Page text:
When I plunked down to write my first book, Myths of the Mirror, I was on a mission of discovery, led by the muse and sheer inspiration.
I had no plot in mind beyond a mental sketch of a couple things that could happen maybe sort of somehow. It was all incredibly vague, but what did I know? Nothing. I wrote like a woman obsessed, relishing every moment of my creative forage and traipsing along behind my characters down whatever path they chose to wander.
Halfway through my journey, a secondary character whom I was in the midst of killing off stood his ground. With the unwavering support of his companions, he argued that he should not only survive but should become a main character. Oh, okay, I said, and skedaddled back to the beginning of the book to start over. That happened a lot.
A year later, once every character had their say and did as they pleased, my masterpiece was almost 190,000 words long. Ta da! Ready to celebrate, I enlisted a couple courageous readers.
For the next two years, I peeled away words, sentences, paragraphs, scenes, and whole chapters! Deleted. Recycled. 60,000 words forever gone. I felt as though I’d been flayed.
Then an editor wielded a red pen and lopped off another 4,000. After all the anguish and suffering, I had to finally admit it – I had a much better book.
George R. R. Martin separates writers into Gardeners and Architects. Gardeners are discovery writers, planting seeds and digging around in the dirt of writing because they can’t wait to see what grows. They thrive on a process that is full of surprises and let their stories develop organically. To them, outlines feel like straitjackets, stifling the natural unfurling of character and action.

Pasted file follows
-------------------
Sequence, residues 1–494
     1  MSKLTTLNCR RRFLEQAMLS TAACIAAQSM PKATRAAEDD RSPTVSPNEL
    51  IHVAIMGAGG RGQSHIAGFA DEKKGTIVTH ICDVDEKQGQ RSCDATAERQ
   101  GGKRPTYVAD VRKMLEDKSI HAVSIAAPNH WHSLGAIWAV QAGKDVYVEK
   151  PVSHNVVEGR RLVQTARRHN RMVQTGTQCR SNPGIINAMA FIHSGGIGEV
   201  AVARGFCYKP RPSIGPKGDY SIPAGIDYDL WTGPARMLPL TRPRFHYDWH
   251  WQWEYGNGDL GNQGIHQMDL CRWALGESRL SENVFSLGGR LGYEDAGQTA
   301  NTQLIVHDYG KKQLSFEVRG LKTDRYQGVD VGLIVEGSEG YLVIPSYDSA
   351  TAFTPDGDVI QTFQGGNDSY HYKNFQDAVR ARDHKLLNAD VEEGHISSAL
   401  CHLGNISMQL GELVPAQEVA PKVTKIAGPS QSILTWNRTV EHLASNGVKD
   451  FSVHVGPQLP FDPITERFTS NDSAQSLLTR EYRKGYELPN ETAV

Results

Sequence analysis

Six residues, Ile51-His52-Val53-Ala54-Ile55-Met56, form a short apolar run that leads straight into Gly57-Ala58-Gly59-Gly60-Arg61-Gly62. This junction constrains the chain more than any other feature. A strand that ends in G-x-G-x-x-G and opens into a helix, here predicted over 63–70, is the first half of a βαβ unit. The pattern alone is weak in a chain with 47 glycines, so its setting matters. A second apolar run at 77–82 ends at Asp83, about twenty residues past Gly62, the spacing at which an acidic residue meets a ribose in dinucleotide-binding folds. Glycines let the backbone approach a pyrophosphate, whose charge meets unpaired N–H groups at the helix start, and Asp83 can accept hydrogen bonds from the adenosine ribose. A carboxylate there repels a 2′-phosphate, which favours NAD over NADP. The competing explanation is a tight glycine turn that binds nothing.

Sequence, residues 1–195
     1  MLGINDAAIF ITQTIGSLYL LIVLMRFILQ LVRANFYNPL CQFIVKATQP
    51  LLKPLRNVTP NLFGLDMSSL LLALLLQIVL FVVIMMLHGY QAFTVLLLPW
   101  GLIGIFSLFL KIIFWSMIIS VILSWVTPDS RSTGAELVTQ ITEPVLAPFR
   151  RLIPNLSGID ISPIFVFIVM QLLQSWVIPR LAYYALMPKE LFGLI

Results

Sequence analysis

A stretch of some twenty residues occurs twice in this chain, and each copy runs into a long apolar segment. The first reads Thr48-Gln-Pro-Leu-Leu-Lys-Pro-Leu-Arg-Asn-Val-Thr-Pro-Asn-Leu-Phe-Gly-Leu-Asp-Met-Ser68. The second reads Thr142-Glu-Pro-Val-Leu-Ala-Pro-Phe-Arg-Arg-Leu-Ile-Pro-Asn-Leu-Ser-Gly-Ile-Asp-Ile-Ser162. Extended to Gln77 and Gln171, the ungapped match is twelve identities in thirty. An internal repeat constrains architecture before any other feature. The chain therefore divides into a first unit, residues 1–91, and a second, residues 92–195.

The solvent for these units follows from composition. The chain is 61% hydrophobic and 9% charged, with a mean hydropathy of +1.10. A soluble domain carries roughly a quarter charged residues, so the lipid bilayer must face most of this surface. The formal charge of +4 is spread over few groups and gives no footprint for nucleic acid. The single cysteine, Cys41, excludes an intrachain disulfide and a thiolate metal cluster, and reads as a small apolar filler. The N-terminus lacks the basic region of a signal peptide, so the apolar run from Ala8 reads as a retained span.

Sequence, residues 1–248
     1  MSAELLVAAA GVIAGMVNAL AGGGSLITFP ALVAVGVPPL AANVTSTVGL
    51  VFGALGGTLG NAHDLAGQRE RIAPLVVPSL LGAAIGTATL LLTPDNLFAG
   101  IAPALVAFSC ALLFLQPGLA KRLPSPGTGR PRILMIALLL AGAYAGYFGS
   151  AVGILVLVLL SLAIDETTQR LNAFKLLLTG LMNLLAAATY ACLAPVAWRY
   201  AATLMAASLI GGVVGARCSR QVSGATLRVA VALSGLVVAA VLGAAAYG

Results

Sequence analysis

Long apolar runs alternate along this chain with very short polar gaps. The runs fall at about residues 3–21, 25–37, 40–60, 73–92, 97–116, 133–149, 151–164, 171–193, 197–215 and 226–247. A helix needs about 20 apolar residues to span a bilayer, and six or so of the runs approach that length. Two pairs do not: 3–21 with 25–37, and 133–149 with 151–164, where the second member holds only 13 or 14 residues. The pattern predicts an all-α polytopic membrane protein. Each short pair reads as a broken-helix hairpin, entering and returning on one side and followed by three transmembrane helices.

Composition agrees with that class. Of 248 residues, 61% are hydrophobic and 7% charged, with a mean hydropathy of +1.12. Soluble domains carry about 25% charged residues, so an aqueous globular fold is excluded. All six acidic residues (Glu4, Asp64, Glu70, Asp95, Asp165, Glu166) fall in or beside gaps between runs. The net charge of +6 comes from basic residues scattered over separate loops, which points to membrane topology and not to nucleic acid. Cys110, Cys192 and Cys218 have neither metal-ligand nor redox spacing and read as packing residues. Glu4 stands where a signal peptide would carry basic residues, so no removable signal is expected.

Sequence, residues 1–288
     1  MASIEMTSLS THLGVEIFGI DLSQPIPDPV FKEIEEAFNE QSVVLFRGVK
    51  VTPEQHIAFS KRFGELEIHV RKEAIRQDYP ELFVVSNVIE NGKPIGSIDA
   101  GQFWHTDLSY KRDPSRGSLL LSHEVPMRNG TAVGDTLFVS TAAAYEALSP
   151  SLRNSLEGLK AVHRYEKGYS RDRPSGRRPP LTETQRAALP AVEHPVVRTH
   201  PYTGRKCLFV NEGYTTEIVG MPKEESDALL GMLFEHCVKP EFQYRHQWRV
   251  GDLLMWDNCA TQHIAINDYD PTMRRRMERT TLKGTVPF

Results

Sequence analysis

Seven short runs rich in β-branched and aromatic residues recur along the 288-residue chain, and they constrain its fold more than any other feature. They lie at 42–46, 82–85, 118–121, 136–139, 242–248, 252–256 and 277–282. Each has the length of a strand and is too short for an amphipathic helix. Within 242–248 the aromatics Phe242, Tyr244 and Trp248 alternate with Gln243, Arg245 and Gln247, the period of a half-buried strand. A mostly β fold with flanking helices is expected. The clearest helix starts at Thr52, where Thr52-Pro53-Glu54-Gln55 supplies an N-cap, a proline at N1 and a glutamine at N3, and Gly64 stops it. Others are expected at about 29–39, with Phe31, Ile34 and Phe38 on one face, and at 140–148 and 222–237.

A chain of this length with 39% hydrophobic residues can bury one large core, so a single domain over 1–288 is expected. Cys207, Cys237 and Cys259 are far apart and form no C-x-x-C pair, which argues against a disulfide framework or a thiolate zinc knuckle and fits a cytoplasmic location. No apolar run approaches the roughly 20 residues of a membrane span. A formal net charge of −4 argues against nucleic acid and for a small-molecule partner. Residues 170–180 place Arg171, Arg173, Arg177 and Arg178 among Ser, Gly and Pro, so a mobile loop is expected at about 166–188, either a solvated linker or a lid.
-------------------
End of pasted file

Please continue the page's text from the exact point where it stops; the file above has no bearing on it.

At the other end of the spectrum, Martin’s architects are outliners. Structure is key. Charts, graphs, and spreadsheets abound. Every step is planned in advance: the story’s try/fail cycles are mapped, the hero’s journey arcs through its phases, the turning points and pinches are set in stone. For outliners, the steps of each plot and subplot form the stairwells in a skyscraper. An architect has an eye on the penthouse and knows how to get there.
After my trials and tribulations as a gardener, I brushed off my hands and applied a bit of architecture to my stories. I wouldn’t say I engineer skyscrapers – that’s still too much concrete for me. In my mind, my method is more akin to building tree-houses, leaving plenty of space for nature and play.
I plot out the story threads and set the characters off on their journey, letting them be who they are. Occasionally we have to negotiate and backtrack, but overall they cooperate. It’s collaborative; they know their goals and I know mine.
My guess is that most authors engage in a little gardening while they construct their cottages, fortresses, and stone towers. How do you bring stories to life? Are you a Gardener? An Architect? A builder of tree-houses?